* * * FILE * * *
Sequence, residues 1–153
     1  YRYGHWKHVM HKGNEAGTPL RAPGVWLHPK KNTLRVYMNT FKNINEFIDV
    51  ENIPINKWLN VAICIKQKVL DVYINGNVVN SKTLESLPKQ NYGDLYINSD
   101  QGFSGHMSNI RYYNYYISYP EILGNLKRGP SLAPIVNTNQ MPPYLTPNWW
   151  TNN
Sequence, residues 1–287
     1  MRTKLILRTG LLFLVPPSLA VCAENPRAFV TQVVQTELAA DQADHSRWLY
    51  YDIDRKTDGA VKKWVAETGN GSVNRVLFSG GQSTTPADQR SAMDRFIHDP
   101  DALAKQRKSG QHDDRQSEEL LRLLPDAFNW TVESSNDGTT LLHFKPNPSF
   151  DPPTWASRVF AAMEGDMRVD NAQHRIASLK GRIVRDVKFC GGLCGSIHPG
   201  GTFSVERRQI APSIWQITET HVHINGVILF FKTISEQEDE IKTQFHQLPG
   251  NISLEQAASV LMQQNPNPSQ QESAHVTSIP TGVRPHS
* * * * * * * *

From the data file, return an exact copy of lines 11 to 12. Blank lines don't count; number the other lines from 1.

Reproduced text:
   201  GTFSVERRQI APSIWQITET HVHINGVILF FKTISEQEDE IKTQFHQLPG
   251  NISLEQAASV LMQQNPNPSQ QESAHVTSIP TGVRPHS